Microsoft Technician Support Scam - Help me

  Boneman123 06:07 09 Jan 2017

I tried watching an episode online. I clicked on the link and it said that I need to call Windows immediately. It said that my email and credit card numbers have been stolen. I called the number and an Indian guy picked it up. He asked me my name. I gave him a false one. He gave me a set of instructions to go to a website through a different route. I went there and it was a download. I clicked on it and opened it. My computer then asked, "Do you want this software to make changes on your computer?" After getting suspicious I clicked NO and closed the phone? Is my personal information at risk of getting stolen?

  Forum Editor 08:32 09 Jan 2017

"Is my personal information at risk of getting stolen?"

The short answer to that question is yes. The longer answer is that it depends on what was in the download, and what kind of information you store on your computer.

If you store any credit card information (and you should not do that) there is a possibility that it could have been captured. The same applies to any online banking information. Hopefully, you haven't saved any of that - or any passwords - on the machine, but as an immediate precaution you should change your email password and any online banking passwords.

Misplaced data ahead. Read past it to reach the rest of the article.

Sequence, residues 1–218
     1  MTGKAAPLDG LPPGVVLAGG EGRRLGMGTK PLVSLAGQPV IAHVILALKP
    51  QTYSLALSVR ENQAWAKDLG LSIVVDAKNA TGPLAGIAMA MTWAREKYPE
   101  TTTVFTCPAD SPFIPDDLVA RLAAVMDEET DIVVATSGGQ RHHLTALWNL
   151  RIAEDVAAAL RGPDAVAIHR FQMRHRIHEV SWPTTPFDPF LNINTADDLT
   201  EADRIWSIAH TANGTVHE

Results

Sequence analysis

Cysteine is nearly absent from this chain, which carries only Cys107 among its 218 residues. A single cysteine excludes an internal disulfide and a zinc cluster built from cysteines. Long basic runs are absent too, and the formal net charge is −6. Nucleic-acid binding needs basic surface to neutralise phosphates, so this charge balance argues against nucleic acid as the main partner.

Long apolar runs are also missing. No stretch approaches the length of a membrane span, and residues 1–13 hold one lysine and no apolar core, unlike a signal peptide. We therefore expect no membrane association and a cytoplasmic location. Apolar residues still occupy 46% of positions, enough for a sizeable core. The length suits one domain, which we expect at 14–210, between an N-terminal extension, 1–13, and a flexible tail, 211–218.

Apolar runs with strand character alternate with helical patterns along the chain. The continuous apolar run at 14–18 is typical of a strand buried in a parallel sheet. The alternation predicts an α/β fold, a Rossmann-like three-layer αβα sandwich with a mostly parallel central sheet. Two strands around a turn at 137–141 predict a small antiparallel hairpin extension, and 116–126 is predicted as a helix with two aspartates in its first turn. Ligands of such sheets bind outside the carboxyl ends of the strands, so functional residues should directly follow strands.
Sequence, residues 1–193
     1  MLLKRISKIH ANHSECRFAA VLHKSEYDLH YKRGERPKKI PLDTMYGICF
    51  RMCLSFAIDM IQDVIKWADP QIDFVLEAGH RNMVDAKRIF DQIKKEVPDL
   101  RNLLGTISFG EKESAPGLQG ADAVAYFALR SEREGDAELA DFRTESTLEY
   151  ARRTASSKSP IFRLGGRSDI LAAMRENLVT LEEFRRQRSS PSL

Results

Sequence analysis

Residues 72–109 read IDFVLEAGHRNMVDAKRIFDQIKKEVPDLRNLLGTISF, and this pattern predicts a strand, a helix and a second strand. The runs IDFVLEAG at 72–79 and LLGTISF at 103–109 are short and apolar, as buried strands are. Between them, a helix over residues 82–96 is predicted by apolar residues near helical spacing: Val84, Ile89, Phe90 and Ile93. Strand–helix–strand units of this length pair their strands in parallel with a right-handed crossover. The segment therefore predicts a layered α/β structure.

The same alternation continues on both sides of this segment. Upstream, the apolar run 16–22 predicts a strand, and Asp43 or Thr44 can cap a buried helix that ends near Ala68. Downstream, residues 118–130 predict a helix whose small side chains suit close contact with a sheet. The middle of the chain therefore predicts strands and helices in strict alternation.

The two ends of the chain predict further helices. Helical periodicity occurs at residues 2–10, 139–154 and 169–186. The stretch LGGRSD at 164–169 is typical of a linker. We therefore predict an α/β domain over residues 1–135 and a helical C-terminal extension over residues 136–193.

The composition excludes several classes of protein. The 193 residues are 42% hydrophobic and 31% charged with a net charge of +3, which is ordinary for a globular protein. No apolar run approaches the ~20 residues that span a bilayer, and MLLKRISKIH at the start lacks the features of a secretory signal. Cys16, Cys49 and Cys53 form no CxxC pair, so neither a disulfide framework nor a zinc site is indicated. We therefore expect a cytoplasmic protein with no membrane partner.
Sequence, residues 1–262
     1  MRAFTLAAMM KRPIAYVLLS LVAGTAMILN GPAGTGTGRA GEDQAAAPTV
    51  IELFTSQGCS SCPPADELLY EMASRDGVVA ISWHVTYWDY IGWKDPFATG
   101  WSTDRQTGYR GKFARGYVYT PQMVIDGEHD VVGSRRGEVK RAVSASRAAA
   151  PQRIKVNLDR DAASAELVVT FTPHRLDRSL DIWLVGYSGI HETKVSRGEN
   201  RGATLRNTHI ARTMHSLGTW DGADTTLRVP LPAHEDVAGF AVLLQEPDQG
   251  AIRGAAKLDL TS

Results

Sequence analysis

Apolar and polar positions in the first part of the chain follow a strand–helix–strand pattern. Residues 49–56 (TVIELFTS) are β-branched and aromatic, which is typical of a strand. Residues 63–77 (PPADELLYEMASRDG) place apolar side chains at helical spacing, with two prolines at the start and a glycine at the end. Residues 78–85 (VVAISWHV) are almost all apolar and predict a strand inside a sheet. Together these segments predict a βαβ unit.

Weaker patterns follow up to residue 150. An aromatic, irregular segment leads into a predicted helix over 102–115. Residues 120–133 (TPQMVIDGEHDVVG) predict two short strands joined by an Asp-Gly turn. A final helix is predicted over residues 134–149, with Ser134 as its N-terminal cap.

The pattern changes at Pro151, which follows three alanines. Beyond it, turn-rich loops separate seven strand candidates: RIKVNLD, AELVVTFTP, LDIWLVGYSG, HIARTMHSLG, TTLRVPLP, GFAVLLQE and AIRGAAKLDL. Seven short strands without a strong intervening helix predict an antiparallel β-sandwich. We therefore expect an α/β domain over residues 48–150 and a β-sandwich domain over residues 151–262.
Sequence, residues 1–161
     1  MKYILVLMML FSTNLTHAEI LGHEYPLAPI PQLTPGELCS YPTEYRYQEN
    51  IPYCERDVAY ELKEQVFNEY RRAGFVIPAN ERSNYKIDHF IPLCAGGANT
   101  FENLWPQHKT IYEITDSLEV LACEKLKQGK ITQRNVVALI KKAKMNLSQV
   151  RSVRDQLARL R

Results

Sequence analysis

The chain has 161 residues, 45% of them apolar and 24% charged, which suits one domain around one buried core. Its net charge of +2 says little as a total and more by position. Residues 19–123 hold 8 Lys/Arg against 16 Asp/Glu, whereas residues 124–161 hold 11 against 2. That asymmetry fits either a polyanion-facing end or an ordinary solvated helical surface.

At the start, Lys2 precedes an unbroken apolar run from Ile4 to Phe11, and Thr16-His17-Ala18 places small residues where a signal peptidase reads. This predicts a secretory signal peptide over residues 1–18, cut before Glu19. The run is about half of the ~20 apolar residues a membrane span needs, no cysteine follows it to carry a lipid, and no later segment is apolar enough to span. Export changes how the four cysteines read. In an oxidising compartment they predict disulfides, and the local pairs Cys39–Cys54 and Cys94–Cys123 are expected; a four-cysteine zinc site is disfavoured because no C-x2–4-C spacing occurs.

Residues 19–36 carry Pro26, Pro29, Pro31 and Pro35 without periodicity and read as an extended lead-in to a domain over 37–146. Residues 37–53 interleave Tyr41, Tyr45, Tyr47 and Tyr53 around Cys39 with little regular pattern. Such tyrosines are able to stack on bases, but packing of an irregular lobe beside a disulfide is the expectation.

Make sure your browser is set not to remember passwords, and not to auto-complete online forms.

The fact that you didn't give the software permission to make changes on your machine is good. Go into your downloads folder and delete the downloaded file. Then run a complete anti-virus and malware scan, and that should be an end to it.

Needless to say, you will never respond to any more pop-up messages on a web-site telling you that your computer's security is at risk.

  Secret-Squirrel 08:49 09 Jan 2017

My computer then asked, "Do you want this software to make changes on your computer?" After getting suspicious I clicked NO and closed the phone?

It sounds like you got out just in time.

The download that was asking for permission to run was almost certainly the remote-control software that the scammer would have used to access your computer. By answering "No" you blocked it from running so the scammer couldn't get in and no changes were made to your computer.

I deal with these scams all the time and I'm not worried from what you've told me, but if you want extra peace of mind, let me know the name of the website you were asked to visit

  Boneman123 10:13 09 Jan 2017

Dear Forum Editor,

I thank you and Secret Squirrel for your responses. I do not have any banking information online; I strictly do all my banking physically. I mostly have photos on my computer. I did not let that software make any changes to my computer.

I contacted the Indian guy again to see if he could have any access to my computer if I clicked 'NO' on the window that asked me if I wanted this software to make any changes to my computer. I kept him talking for fifteen minutes and he said that he does not have any access to my computer unless I click 'YES". I then hung up on him.